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You’re Not On the List… Sorry

I see, through your blog, that it is typically the AD or 2nd AD who hires set PA’s. My question is how do I get the contact info for the AD or 2nd AD (for a particular production), and what is the appropriate amount of time, prior to production, to first contact them?

I live in Richmond, VA. I’m a filmmaker. It looks like Spielberg will be shooting at lest part of his Abe Lincoln biopic here, some time this fall. I must work on this set! How do I find who I need to contact?

-Joseph

There isn’t really. Luck of the draw is the primary player here. It never hurts to send in your resume to a big ticket listing you find the address to; maybe that’ll work, but honestly I haven’t heard of somebody who’s been picked up on an anonymous resume submission. The job always went to someone with a connection to the already working staff.

But I never knock a person for trying! If you want to at least say you tried, check the production listings. They’re in Below the LineVariety, or Hollywood Reporter. In the back of the magazines and the appropriate sections on their websites, they list every project that they know currently exists in their varied stages of Development, Pre-Pro, Production, and Post (for the writers, they also list script sales, a necessary industry resource). These can amount in the hundreds so it’s an arduous, alphabetically listed task.

The listings usually have the name, type of production, shooting location, and sometimes if you’re lucky, an office contact number! Hooray! So go ahead and try. Ask if they’re hiring. Ask for the Production Coordinator of whatever department you’re applying for. Most likely the PA talking to you will screen you and direct you to a designated resume-collection address, but sometimes you luck out and the productions are actively looking, and you never know, you never feel like you tried until you tried.

Also, Insiders have multiple lists that circulate among friends, like the Mercury Listings, various invite-only bulletin board newsletters, and other much more extensive lists (like the UTA list, back, you know, before it was on this site) that you really can only get from a career coordinator.

Lastly, If you’re in a city that’s not Los Angeles or New York and Big Production is coming to town, satisfy your inner Sherlock Holmes and start by asking questions at the local film permit or incentives office.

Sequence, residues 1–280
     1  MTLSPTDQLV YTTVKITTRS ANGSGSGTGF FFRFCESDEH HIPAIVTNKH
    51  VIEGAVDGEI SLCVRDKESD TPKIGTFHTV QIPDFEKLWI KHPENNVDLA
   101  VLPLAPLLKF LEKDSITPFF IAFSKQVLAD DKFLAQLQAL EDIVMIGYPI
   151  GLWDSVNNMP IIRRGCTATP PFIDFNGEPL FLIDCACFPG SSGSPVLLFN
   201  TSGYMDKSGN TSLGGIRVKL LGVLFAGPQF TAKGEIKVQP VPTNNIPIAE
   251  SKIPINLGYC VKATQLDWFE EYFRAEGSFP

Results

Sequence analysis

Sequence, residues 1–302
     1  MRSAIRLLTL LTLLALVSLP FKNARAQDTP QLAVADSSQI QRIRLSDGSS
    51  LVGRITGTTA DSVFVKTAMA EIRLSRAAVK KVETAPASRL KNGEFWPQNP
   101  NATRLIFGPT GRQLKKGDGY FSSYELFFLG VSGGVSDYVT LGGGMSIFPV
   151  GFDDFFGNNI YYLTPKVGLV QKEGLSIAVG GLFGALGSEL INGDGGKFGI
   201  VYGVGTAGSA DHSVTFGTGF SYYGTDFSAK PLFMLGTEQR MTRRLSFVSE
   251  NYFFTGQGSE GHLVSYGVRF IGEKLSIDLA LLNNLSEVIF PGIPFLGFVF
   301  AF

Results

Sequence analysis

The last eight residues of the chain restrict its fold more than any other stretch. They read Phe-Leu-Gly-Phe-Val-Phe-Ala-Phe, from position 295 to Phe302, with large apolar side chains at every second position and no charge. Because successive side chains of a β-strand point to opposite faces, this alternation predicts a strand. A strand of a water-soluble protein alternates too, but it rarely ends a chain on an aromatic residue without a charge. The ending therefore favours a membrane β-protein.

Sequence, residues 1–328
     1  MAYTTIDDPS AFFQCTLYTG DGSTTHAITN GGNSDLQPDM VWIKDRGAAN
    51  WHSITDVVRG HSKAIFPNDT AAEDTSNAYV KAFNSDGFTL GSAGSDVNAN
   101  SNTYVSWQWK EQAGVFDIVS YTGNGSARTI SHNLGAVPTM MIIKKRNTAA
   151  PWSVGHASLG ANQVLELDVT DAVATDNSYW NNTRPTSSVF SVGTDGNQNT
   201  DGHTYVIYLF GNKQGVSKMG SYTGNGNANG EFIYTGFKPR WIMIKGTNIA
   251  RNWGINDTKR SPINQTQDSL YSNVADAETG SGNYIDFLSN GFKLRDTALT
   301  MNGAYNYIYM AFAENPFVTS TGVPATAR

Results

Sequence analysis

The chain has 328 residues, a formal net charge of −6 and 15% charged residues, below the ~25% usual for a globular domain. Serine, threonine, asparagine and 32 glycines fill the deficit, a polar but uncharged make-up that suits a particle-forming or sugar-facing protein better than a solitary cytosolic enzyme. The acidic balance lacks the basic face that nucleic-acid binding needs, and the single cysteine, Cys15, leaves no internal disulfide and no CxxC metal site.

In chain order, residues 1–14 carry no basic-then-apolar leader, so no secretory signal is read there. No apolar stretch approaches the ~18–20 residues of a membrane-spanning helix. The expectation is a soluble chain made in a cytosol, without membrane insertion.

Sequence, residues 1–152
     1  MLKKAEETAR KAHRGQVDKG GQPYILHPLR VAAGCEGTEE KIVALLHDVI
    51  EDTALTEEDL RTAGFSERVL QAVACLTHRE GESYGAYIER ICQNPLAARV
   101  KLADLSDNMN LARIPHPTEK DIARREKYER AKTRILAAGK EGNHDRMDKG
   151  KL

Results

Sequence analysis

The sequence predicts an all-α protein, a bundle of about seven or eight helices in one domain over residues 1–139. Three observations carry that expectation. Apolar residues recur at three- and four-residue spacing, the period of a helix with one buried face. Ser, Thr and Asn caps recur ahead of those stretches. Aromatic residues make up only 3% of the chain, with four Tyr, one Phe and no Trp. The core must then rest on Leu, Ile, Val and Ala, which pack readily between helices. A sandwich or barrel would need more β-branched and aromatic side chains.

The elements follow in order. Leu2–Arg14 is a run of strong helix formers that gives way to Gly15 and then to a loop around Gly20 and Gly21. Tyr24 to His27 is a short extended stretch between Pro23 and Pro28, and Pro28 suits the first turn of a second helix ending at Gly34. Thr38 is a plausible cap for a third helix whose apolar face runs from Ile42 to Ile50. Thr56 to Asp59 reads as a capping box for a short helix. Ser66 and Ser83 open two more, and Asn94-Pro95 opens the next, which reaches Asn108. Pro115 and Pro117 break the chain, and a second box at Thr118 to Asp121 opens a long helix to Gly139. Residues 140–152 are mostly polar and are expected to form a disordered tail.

In terms of timing, you wanna get in early but not too early, so calling a film in development may be too soon but calling one in prep could be too late. Best is to just stay on top of the listings and reach ASAP the ones that have just freshly updated their statuses to Prep. The “get ’em while they’re hot” approach.

Other than that, I don’t know what to say. There’s no way in but the “in”.

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3 Responses

  1. I noticed when perusing the Variety link that all the films in preproduction were updated last in 2010, with nothing showing for 2011. Would it be pointless then to contact these production companies since it’s old news?

  2. Can you buy The Hollywood Reporter by the magazine on shelves? 19.95 a month is quite pricey.

  3. I had a friend that while walking the streets of New York City, found a production that was filming. He literally walked up and asked for a job. He asked for the Production Coordinator, I believe, and let them know he was interested in working in the film industry. They hired him as a day-player Set PA for that very day, and for a few additional days throughout the production. He was mostly doing lockups during the exterior shooting, but it was still a bit of experience. Just saying, if you know where they’re shooting, it might not hurt to show up ask.

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